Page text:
What if your statistical validity threshold is too low? This is the problem with popular testing software. Their validity threshold — the rate at which they call a test “valid” — is so low that you might think that the test is statistically valid before it actually is.

Instead of relying on statistical validity alone, run a test at least two weeks and until you reach 100 or more conversions.

9. Small changes mean big results. FALSE

We all love to read the stories of the “tiny” change that had “explosive results.”

These make for nice stories, but they rarely happen. The problem with such stories is that they mistakenly cause us to believe that we’re going to get all our conversion upticks by implementing minuscule alterations.

Small changes might give you big results. But be realistic. More typically, it’s the big changes that will get big results.

Test everything, but test the most important things first.

10. CRO is mostly about subtle manipulation tactics. FALSE

Conversion rate optimization isn’t about manipulation. It’s about user experience.

Search engine optimization and conversion rate optimization have come to the point that it’s not as much about gaming the system as it is about providing the best possible experience for the user.

If you can create a better user experience, then your conversion rates will improve. It’s just that simple.

11. The shorter the better. FALSE

Conversion optimizers love brevity

  • “Short landing pages are the best!”
  • “Short forms are better!”
  • “Short click paths convert higher!”
  • “Short shopping carts are better!”

But what if longer is sometimes better?

Take Salesforce for example. You’d think that a multibillion-dollar company would run a few split tests, or at least realize that long forms kill conversion rates, right? Then why do all their lead forms have seven fields? Isn’t that too many?


Maybe they realize that shorter isn’t always better, specifically for their particular audience and product. In their situation, perhaps the longer forms generate more qualified leads and reliable conversions.

Shorter isn’t always better.

The same thing holds true for landing pages. In many cases, longform pages outperform short form controls.



The bottom line is that you have to test your own site in order to get actionable information.

12. Most conversion practices are just common sense. FALSE

If you think that conversion optimization is just common sense, then you’ll need to rethink this assumption.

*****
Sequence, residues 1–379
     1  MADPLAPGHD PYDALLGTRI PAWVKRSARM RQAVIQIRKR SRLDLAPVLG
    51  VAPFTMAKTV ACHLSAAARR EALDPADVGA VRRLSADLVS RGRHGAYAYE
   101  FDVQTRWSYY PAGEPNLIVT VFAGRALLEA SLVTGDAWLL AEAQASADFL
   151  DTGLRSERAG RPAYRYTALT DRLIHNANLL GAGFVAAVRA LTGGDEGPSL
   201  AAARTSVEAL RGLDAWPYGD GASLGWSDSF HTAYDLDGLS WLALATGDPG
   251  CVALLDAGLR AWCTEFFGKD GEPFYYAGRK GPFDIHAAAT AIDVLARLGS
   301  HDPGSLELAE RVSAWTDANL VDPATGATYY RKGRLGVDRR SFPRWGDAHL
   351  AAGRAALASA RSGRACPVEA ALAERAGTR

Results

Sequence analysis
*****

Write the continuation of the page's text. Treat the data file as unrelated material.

Conversion optimization isn’t a result of following “best practices” or one’s natural intuition. It comes from relentlessly testing every facet of your site.

Here’s why. Every target audience is different. Your customer base is comprised of disparate users who come from a variety of approaches, backgrounds, understandings, and experiences. You can’t simply impose your “best guess” on a conversion practice.

Instead, you need to look at aggregate data that assesses both demographic and psychographic features of your audience.

When you come up with test results, you’ll be surprised at the things that will upset your hypotheses and go against common sense.


Conversion optimization can be risky business, but only if you believe the myths, follow the trends, and get sloppy.

Conversion optimization is the single most effective way to reliably boost conversion rates. Watch your step, and optimize carefully. But by all means, optimize!

What conversion optimization trends do you view with skepticism?



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Neil Patel

Neil Patel is the co-founder of Crazy Egg and Hello Bar. He helps companies like Amazon, NBC, GM, HP and Viacom grow their revenue.


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  1. Benjamin says:
    September 20, 2015 at 6:52 am

    Yes Neil,

    Test, test test. You can see what works for other people. But what works for them, may not work for you! You have to evaluate what is best for you website conversion by testing for yourself. A lot of people think one size fits all. But we see that is not the case because what you posted in this article.

    Thanks for this, I will be keen to keep testing and see what works best for my site. 🙂 Take care.

  2. Ashik says:
    September 18, 2015 at 11:34 pm

    Hey, Neil

    Amazing piece of work, this post brought me back to my old mistakes which I used to commit in my blog.
    I don’t know these CRO misconceptions until I got brutally experienced. I blindly implement the Big brands CRO strategies and look for any increase in the conversion. I haven’t noticed any big surge in the graph, obviously it decreased.

    My Recommendation,
    Never copy the conversion strategies blindly from the brands, it won’t work unless you are lucky!

  3. Peep says:
    September 18, 2015 at 8:32 pm

    “Instead of relying on statistical validity alone, run a test at least two weeks and until you reach 100 or more conversions.”

    Sorry Neil, but this is horseshit. There are no magic numbers like 100 or 200 or whatever. It’s math, not magic. In most cases 100 conversions is going to be WAY too little – and its never a fixed number.

    1) Calculate the needed sample size ahead of time, and run the test until you reach it
    2) Test for 2-4 business cycles
    3) Now look at the statistical significance and power level

    When to actually stop an AB test: